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Chocolate Toxicity in Dogs (Or, Weims Like to Eat S*%t)

By Anne Taguchi | Last Updated: July 26, 2021

Unfortunately my own dog is the impetus for this post. He is sitting in the ER as I type, after having eaten about three bars of extra dark chocolate. Chocolate I was saving because two of the three bars were hand-crafted with super high cocoa levels. One bar was 95.3% cocoa.

Sealed in a Weim-proof tin — or so I thought! My Weim ate all this very dark chocolate (look at those high percentages!) and required supportive care at the emergency clinic.

Basically Otto had consumed a dangerous level of chocolate. The scary thing is that I may not have taken him to the vet because he didn’t seem to be in any distress. By the time I came home to find what he had done, at least 8 hours had passed. I only called Animal Poison Control (888-426-4435) because I wanted to know if it was too late to induce vomiting. (It was. A couple hours would have been one thing, but eight hours meant there was no taking it back.)

The common signs of chocolate toxicity are:

The only thing I noticed was that Otto was thirstier than usual. Sure he had a couple soft stools, but he was happy and acting totally normal…

Wait, did I see a his leg tremor a little bit while he was drinking, or was I being paranoid? I wasn’t sure, and was tempted to wait and see. It was after hours, of course.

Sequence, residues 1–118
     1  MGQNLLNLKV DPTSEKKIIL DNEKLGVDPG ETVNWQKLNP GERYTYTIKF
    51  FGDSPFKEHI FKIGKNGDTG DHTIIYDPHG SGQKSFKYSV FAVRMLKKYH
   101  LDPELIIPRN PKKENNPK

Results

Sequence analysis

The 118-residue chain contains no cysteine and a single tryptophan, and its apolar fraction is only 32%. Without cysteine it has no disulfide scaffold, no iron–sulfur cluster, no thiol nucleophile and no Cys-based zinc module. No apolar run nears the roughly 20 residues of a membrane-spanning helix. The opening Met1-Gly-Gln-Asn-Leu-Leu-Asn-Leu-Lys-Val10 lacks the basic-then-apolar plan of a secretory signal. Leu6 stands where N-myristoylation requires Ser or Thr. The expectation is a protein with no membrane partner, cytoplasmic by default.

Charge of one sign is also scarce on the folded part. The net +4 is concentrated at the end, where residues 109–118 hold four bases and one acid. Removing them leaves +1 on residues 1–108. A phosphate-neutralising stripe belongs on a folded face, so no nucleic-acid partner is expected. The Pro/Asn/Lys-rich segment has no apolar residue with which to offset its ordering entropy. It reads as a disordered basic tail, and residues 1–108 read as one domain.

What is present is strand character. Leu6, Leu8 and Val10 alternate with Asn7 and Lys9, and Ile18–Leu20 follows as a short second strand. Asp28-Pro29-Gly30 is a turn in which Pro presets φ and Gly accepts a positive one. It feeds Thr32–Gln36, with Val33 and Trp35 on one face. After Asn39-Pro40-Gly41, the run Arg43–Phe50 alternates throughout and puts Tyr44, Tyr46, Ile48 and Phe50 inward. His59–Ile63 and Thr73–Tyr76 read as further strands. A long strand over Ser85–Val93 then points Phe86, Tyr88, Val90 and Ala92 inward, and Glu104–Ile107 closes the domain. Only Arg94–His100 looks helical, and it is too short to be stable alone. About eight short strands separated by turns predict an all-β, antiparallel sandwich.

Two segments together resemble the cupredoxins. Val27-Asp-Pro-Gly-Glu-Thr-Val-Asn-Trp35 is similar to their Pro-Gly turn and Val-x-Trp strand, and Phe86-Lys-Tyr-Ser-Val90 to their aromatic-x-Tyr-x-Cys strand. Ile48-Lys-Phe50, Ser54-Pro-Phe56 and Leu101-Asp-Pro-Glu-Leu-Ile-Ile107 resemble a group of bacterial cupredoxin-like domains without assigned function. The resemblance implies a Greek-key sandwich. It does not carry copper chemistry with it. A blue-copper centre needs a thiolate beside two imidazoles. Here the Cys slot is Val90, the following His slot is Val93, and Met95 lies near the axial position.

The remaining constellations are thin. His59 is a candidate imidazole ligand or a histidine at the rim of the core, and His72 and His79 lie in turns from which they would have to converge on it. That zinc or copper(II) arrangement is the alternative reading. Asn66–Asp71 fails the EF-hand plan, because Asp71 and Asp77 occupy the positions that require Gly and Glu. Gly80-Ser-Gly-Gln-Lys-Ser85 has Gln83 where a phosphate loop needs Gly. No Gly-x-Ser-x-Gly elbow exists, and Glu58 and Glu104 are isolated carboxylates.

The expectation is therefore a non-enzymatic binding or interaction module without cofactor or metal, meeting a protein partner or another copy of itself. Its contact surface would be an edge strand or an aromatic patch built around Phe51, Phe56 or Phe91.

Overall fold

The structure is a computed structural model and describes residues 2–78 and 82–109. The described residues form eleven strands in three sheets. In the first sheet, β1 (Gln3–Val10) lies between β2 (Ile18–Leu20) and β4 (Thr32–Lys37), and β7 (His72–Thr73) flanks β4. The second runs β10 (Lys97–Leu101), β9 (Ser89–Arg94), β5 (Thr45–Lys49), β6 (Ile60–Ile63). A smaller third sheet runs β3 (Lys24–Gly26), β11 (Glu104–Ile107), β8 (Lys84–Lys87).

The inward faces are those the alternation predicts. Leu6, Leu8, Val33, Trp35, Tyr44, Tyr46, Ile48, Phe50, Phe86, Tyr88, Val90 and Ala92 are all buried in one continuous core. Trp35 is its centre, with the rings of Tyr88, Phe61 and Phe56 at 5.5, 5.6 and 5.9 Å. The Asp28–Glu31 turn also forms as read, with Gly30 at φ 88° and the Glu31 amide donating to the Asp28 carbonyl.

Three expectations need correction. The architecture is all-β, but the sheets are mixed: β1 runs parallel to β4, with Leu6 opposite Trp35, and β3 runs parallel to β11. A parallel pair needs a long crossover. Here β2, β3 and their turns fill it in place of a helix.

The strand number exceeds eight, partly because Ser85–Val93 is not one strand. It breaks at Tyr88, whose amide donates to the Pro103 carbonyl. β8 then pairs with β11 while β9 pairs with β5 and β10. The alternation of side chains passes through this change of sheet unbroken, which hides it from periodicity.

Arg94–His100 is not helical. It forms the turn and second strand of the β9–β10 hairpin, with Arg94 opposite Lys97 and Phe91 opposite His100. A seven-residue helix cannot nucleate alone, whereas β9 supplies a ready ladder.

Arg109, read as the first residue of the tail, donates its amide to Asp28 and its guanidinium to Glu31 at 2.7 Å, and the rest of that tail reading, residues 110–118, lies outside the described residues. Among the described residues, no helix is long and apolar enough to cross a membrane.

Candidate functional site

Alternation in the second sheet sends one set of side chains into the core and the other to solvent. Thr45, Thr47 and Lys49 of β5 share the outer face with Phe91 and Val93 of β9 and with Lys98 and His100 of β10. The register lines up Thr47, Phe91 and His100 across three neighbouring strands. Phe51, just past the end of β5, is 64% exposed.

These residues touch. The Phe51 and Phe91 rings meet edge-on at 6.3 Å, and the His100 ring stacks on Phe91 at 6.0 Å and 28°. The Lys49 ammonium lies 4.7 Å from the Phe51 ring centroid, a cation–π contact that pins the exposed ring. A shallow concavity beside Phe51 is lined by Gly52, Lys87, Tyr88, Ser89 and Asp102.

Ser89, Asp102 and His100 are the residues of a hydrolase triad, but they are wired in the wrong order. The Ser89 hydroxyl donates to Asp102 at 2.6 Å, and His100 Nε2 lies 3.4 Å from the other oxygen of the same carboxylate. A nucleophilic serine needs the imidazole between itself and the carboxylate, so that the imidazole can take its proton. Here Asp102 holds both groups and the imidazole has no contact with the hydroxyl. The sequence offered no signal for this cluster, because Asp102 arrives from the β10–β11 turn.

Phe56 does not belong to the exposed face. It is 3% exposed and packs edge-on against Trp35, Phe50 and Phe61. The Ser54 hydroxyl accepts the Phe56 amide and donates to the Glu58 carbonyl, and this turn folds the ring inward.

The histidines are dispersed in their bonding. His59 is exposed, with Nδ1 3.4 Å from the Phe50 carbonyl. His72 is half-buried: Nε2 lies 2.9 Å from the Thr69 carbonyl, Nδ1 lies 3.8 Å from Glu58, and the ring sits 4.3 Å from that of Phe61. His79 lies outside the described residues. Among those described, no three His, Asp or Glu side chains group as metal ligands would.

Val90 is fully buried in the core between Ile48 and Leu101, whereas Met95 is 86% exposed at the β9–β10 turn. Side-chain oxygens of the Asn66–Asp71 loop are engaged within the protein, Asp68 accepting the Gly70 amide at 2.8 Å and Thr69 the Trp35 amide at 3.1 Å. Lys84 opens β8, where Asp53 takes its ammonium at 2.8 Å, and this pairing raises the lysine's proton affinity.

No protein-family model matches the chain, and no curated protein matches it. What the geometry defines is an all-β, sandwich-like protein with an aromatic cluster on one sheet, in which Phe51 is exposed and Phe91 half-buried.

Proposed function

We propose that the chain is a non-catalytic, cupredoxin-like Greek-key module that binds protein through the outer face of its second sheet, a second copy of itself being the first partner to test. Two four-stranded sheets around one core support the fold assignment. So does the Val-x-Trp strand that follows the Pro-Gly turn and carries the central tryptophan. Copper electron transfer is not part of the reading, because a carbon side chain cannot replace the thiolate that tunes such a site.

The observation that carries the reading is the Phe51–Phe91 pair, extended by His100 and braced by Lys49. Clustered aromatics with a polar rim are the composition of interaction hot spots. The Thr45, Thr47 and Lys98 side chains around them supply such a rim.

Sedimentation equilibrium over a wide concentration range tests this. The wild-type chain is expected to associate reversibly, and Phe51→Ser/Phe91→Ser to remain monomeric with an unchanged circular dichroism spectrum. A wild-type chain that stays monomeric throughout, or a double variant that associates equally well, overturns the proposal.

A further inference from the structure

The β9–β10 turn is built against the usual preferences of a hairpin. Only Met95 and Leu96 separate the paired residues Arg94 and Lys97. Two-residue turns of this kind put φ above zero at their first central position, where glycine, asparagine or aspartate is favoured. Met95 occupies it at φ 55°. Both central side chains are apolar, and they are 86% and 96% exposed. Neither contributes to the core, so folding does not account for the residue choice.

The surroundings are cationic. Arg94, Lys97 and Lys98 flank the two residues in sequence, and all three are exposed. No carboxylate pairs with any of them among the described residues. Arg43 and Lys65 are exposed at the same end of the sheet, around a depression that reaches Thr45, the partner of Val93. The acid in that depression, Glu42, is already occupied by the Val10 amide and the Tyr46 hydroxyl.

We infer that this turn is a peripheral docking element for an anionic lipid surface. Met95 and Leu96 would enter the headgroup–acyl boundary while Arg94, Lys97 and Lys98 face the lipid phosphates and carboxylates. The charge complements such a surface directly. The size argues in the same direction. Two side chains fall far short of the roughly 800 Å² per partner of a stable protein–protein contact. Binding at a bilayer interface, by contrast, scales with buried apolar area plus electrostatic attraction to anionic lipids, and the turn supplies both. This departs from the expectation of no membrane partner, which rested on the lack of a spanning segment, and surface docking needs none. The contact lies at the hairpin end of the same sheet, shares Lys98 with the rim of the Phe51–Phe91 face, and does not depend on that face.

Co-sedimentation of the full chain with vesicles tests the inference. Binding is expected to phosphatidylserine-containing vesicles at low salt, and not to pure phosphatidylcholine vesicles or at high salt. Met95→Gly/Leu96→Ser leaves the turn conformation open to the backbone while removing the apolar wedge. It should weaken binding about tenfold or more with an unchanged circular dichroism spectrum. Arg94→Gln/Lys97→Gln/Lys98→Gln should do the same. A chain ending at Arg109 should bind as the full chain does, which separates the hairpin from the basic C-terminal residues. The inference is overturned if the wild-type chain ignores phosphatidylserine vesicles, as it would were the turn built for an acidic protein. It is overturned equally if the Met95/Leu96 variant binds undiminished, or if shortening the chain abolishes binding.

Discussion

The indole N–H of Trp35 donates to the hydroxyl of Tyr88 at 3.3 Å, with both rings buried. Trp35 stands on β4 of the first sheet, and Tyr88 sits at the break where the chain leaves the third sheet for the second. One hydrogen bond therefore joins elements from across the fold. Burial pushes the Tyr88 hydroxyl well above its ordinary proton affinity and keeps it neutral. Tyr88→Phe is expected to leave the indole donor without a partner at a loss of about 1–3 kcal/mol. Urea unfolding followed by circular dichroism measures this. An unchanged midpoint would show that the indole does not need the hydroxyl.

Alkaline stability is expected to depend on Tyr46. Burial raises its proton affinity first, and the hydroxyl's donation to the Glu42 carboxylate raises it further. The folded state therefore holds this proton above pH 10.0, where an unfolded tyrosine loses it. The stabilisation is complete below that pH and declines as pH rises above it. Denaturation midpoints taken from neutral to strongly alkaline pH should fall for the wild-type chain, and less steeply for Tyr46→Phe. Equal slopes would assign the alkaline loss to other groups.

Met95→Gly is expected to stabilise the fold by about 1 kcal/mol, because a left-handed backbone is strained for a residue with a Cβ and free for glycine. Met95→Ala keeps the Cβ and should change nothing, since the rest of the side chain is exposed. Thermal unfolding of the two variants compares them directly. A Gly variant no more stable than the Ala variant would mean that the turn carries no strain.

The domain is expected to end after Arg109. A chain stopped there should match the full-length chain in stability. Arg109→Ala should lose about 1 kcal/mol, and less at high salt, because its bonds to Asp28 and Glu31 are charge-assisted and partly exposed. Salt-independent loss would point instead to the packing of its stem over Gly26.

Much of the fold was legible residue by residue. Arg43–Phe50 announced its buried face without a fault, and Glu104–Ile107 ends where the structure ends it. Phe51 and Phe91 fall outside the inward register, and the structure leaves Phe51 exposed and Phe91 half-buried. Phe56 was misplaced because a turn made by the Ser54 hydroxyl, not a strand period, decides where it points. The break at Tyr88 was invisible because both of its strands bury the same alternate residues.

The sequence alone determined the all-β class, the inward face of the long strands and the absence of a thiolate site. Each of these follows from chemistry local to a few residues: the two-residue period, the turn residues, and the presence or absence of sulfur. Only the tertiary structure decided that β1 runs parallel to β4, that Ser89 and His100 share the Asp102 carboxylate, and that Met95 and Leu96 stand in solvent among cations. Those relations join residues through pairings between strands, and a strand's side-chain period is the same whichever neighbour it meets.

But, I kept thinking about that one bar — over 95% cocoa! I already knew that dark chocolate was way worse than regular chocolate, but what about something like 95%? (Here is a Chocolate Toxicity Meter for Dogs calculator you can use to quickly gauge the general toxicity levels you may be dealing with.)

I took him in. His heart rate was twice the normal levels, and when they took him back to take his vitals, tremors were starting. Chocolate poisoning can take hours to develop and symptoms can last days.

And since it was too late to induce vomiting or administer activated charcoal, all that could be done was to administer IV fluids to try to get the theobromine (and caffeine) in the chocolate out of his system.

So the waiting begins. I will be picking my boy up in about 10 hours, and while it is very rare for a dog to die from chocolate poisoning, it can happen. As my own dog has demonstrated, the symptoms may be hard to see. If I hadn’t known exactly what he ate, I may have never taken him in —  he seemed happy, calm and pretty darn normal.

And how does this relate to Weims? Well, any breed of dog would eat chocolate, but obviously sometimes even I need a reminder that Weims get into stuff, and are they are just generally BAD when they are bored, no matter how well behaved we think they are or how old they are. πŸ˜³

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About Anne Taguchi

Surviving life with Weims!

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